That’s how it would be if it was records or cassettes or CDs. That’s not how it is in this case. These are digital files that can be copied exactly. Now, yeah, there are physical limits in terms of the bandwidth and they’ve got to be stored on a hard drive somewhere or something like that, but strictly speaking, these are basically non-rival goods, and in fact, that’s how information in general is it is like if I teach you a skill I’ve not lost the skill, it was non-rival. And that’s generally the nature of information, and so it’s an amazing thing because it means as more and more of our economy is dealing in these kind of non-rival spaces, it’s sort of exciting because rather than dealing in a world of scarcity, we’re dealing in a world of abundance. And that, I think opens up different economic possibilities, but it also means that the person that gets their first can get fabulously wealthy, and so we have these network effects, for instance, where… Okay, Netscape didn’t quite work, right. And Myspace didn’t quite work, but it’s actually really hard to replicate Facebook. Once you get a few billion people on a network, the fact that billions of people are on that network is the most relevant fact about it, and so there’s a bit of a winner takes all element to it, but that’s in a sense that’s fine as long as people treat their power appropriately because it’s not like they’ve extracted that from someone else. It’s not like the robber baron supposedly who takes all of the shore line leaving no shore property for anyone else. It’s not like that in the digital world. You’ve got all of these non-rival goods. And so that’s exciting. It’s also exciting because it means that as people figure out how to produce these valuable non-rival goods, there’s always gonna be alternatives for other people to produce new things that were not there before, and so that’s… again, it gets a little weird and metaphysical, but you get to this point where we’re saying, Okay, what are humans like? What do we actually value? What’s the economy like? Well, the economy is about buying and selling real goods and services, but it’s also about creating value, and value creation is often the subjective thing, and so I think that’s just kind of the nature of the economy. That’s where things are going, and so that’s why I just honestly think once you look at the details, I think we need to focus more on the promise for these kinds of developments rather than the peril, we spend a little too much time on the peril.

Chelsea Follett: And then there’s hyper-connectivity. You’ve said that this is something you don’t think gets enough attention, and you floated Kevin Kelly’s book, The Inevitable, about how for the first time, a growing share—soon all of humanity probabl—will be connected at roughly the speed of light to one thing, the internet. Can you elaborate on that?

Jay Richards: Yeah, this is absolutely amazing. And of course, we know that Adam Smith, half of his argument was about the division of labor and comparative advantage, and so the idea is that we actually benefit in a non-zero way, that the sum is great… The whole is greater than the sum of its parts. That’s why you can have a firm or a company in which people can specialize. They can do things that they could not do otherwise. Then you get to the nature of a global market in which you can produce everything from a pencil to an iPhone, no one person or even a 100 people in the network knows how to do it, and yet together, following price signals, we can produce things that none of us could do on our own. And now imagine that everyone is able to connect more or less in real time and everyone is able to do that. In principle, there’s gonna be lots of cooperative things that we can do together, of course, that we could not do otherwise, and I actually think this is important because a lot of what people imagine when you have these conversations is that, “oh man, everybody’s gonna have to be a computer engineer or a coder or something like that,” but I can tell you from teaching in a business school, that some of the most prized skills in business are so-called soft skills, and I don’t know why they’re called soft, but what soft means is that you have high emotional intelligence, you know how to treat people, you know how to get people to work together well, these are the jobs of the managers, right. And those are skills that I… Trust me, the machines aren’t doing that any time soon, those are human skills, and so I actually think the so-called soft skills, that is the human skills, interpersonal skills in a hyper-connected world, those are gonna end up fetching a premium, and I continue to think that’s the case, because more and more people are gonna be connecting more and more in different ways, and so they’re gonna need to be connectors, they’re gonna need to be people with those skills, and so I really don’t… In fact, I think some of the work that coders is doing is more likely to be replaced than the people that generally have the soft skills.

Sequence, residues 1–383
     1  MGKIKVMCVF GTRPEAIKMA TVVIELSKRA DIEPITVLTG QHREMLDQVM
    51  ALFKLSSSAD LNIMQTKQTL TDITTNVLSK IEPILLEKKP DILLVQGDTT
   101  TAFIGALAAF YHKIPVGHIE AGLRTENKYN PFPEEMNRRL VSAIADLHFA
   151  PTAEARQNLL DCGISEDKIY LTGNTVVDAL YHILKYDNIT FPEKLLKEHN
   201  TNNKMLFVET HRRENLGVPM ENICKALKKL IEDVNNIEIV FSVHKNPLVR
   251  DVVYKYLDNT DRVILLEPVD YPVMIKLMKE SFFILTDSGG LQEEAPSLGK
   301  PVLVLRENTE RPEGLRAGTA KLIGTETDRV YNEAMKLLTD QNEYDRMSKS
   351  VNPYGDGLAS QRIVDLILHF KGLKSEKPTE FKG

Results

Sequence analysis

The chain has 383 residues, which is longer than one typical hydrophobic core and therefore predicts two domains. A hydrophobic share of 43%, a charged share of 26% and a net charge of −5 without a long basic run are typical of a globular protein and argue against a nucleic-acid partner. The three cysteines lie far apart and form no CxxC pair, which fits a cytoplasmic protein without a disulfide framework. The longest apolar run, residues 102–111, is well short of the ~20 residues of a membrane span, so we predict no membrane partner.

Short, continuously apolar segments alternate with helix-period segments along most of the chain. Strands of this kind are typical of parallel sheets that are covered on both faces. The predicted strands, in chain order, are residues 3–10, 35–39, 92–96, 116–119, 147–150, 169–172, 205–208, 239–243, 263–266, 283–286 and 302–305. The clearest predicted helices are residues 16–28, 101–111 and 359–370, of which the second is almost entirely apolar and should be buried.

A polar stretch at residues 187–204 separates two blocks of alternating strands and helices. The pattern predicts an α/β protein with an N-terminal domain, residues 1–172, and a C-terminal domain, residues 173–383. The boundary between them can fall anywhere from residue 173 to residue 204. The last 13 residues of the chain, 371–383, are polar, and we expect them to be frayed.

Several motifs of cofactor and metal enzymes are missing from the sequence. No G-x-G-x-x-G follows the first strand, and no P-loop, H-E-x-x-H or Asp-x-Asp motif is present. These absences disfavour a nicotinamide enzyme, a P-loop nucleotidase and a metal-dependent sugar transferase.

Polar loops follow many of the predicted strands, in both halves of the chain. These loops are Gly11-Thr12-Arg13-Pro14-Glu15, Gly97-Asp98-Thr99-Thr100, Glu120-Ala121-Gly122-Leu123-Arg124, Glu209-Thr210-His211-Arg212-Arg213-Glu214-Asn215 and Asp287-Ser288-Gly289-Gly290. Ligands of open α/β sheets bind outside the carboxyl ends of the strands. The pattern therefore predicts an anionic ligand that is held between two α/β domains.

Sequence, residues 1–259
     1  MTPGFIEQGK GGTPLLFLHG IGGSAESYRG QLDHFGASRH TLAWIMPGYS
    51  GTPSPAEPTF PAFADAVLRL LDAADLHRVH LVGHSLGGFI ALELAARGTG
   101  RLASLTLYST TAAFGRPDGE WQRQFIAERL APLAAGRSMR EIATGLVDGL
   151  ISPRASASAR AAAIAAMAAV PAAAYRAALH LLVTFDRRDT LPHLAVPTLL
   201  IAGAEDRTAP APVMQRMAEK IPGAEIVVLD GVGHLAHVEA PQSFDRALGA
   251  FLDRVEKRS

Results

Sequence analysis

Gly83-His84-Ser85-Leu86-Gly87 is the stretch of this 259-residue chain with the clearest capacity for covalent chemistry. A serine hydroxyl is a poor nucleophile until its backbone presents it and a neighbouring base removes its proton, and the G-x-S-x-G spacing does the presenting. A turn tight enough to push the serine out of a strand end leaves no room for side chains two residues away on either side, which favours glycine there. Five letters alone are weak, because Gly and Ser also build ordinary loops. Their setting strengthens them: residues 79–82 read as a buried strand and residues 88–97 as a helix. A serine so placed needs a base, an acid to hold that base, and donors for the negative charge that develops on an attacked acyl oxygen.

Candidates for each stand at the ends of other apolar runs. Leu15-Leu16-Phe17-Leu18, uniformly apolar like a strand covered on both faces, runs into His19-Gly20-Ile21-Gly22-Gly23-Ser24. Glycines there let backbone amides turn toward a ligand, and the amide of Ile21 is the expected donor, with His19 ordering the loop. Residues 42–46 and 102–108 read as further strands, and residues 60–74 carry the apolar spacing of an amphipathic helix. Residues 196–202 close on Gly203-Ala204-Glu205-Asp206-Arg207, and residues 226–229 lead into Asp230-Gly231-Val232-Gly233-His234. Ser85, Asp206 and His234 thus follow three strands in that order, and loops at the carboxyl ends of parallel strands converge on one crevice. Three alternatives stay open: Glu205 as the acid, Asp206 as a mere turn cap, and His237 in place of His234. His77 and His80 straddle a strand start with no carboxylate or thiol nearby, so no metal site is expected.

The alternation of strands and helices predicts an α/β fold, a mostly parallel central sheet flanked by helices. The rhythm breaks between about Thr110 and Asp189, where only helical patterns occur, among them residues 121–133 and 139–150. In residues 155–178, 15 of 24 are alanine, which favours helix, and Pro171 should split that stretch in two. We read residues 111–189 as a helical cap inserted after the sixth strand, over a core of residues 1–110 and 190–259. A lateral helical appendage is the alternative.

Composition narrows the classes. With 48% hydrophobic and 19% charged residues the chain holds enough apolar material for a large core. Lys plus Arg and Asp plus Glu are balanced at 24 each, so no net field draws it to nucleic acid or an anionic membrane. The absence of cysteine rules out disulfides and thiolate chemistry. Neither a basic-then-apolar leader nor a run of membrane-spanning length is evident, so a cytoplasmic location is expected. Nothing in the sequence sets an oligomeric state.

Chelsea Follett: Let’s talk more about what people can do to adapt and prepare to these changes and disruption. You’ve talked about adaptability, anti-fragility, altruism, and creative freedom as some of the factors really needed to help people react to these changes, could you elaborate on each of those?

Jay Richards: Yeah, and so basically, as I said, so there’s these properties that you have in an information economy, disruption, exponential growth, digitization, hyper-connectivity, increasing amounts of information, and then there are these virtues that correspond to those, and so just to take the sort of obvious one would be hyper-connectivity then is a gift of collaboration or a virtue of collaboration is it ends up being a virtue that you can cultivate. Or information. So what is information? In this case, it’s not just meaningless bits. In information theory, you can sort of just, ’cause we’re trying to figure out how to measure the length of a sequence or something, you ignore, you can ignore the meaning, but the information that matters to people would be meaningful information.